From Skeptic: “Re: industry growth. We’ve been hearing the pundits predict 20-30% annual growth for the last 10 years. As of the end of last year, only 4% of physicians were using a fully functioning EMR. So maybe vendors are selling more and the market is ‘growing,’ but I am waiting for proof that physicians actually have the real tools they need to reach an adoption tipping point.” Meaningful use, perhaps?
From iPhone fan: “Re: upgrade to the 3GS. You said you just upgraded to the 3G model. Apple has a 30-day return policy so you should just take it back and get the new one.” I spent 20 minutes today holding on the phone to speak to someone at Apple about my options and finally hung up. Guess I am going to have to drag myself over the Apple store and ask one of the geniuses there. Meanwhile, other iPhone users are angrily blasting Apple about the unfair upgrade pricing.
Dr. Chris Rangel, who blogs at www.RangelMD.com, details an EMR disaster story that resulted in the loss of several months worth of medical records. The short version is his three-doctor practice bought an EMR and an in-house server. The selected EMR “looked good on the outside but was a pile of feces on the inside.” Training was inadequate and IT support was incompetent. Ultimately the practice lost data because the backup was set up incorrectly. Dr. Rangel is now using an on-line EMR, which he thinks is the way to go if you are in a small or medium sized practice. He suggests that the main reason some doctors “set up complex in-office software and hardware configurations” is because they want want maintain control. Says Rangel: “Having a stand alone system will make as much sense as building a minipower plant in your back yard to provide your home with electricity instead of taking it off the grid.” His piece is humorous, in a tragic sort of way. However, I think he falls short with his recommendation that using a Web-based solution is the automatic answer. Software can be “a pile of feces” whether it is an in-house or on-line solution. Both type vendors may provide poor training and support. Regardless of the infrastructure, make sure you do plenty of due diligence, including talking to current and former clients.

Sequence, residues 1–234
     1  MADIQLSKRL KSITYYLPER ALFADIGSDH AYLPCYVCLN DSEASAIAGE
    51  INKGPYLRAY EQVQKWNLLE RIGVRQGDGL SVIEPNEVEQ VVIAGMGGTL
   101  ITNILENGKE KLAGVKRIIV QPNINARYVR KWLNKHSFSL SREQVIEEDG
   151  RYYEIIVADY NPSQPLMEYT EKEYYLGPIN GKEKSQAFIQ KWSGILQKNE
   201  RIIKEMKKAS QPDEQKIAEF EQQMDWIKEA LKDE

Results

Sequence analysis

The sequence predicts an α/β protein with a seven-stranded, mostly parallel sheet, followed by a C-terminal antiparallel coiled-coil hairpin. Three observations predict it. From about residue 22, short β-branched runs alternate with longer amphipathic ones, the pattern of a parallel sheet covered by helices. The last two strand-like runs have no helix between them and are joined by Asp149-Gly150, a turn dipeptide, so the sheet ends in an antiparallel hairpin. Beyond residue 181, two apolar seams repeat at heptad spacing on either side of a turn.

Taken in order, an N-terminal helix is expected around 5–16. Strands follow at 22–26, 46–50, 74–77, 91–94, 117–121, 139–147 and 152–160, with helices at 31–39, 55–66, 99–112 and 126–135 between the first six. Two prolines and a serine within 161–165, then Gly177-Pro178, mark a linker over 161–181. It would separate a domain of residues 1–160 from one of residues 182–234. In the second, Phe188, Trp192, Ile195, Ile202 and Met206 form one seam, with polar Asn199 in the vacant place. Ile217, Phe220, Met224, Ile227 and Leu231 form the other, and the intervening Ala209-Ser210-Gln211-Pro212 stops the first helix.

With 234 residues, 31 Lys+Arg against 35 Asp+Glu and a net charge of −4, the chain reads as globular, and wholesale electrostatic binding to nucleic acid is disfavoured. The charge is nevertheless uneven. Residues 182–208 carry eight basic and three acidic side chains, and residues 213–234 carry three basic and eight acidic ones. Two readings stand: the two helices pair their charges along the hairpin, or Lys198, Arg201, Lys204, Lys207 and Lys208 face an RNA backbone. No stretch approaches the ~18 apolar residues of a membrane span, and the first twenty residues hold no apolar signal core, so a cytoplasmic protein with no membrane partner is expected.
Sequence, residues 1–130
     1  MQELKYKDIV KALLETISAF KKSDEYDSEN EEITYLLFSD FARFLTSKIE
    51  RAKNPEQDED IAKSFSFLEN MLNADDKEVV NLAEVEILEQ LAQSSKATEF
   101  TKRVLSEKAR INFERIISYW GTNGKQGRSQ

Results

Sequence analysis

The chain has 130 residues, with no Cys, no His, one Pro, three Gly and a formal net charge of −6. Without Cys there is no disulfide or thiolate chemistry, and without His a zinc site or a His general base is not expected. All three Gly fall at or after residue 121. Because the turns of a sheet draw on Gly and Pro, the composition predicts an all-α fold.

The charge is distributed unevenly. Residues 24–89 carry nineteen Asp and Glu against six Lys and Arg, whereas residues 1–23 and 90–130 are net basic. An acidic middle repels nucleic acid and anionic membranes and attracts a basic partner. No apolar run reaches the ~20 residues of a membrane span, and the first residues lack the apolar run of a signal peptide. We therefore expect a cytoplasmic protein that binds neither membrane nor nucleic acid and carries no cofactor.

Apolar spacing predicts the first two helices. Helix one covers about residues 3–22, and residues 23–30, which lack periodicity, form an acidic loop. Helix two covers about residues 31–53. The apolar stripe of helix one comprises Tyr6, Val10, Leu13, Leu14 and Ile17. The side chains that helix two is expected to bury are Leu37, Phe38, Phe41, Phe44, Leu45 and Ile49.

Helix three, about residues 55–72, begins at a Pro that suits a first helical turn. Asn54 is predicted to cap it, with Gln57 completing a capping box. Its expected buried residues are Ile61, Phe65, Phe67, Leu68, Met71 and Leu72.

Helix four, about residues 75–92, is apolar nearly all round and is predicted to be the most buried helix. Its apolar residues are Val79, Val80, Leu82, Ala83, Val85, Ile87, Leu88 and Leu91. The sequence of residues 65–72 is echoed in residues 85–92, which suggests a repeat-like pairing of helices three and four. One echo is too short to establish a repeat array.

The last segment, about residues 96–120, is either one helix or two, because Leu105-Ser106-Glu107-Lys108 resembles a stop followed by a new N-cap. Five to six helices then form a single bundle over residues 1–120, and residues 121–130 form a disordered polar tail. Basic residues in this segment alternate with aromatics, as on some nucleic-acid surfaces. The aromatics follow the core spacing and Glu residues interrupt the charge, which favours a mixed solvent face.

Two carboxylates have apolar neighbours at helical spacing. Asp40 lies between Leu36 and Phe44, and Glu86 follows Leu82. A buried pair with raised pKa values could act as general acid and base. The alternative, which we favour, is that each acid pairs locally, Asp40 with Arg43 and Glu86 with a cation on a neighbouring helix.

Peter Orszag, director of the Office of Management and Budget, shows strong support for HIT at a conference earlier this week. Orszag stresses the need for more information tied to medical systems so that doctors and hospitals know what works and whether additional procedures are warranted. He believes IT is a requirement for delivering the necessary data.
iMedica’s EMR/PM solution wins an endorsement from the Physicians’ Organization of the University Medical Center at Princeton, a PPO with 500+ physician members.
A former hospital employee is sentenced to a year in prison for her unauthorized access of the medical records of an AIDS patient who was feuding with one of the woman’s friends. She posted the information on her MySpace page. The woman was only 20 at the time, but it’s a pretty sad to think how many stupid (and mean) people are running around in this world.
Vermont strengthens its already tough stance on gifts to doctors from pharma and medical device firms. No more free lunches, as all meals and travel expenses are banned. Gifts to prescribers are no longer allowed and any payments to doctors – regardless of the amount – must be reported to the state.
The Southern California Orthopedic Institute selects SRS EMR for its 51 providers.
New Jersey-area HIT vendors claim EMR interest is surging. Businesses anticipate a positive economic impact by the end of the year as ARRA reimbursement details are finalized.
Another Kaiser Permanente employee (a nurse) is accused of wrongfully peeking into the medical records of her son’s second grade teacher. The nurse claimed the teacher said something derogatory to her son, her husband sent a letter to the school board claiming she was unfit to teach, and (according to a tipster) the nurse then pried into the teacher’s medical records. The teacher is suing the nurse and Kaiser, charging conspiracy, negligence, invasion of privacy, and emotional distress.
The use of electronic clipboards at the Iowa Clinic has reduced patient check-in time from nine to three minutes, according to the practice’s CEO. Patients update their information using a stylus and computer screen rather than a pen and paper. Administrators at the 140-physician practice also believe the new process has resulted in more complete patient data, especially insurance detail. Each tablet costs about $3,000.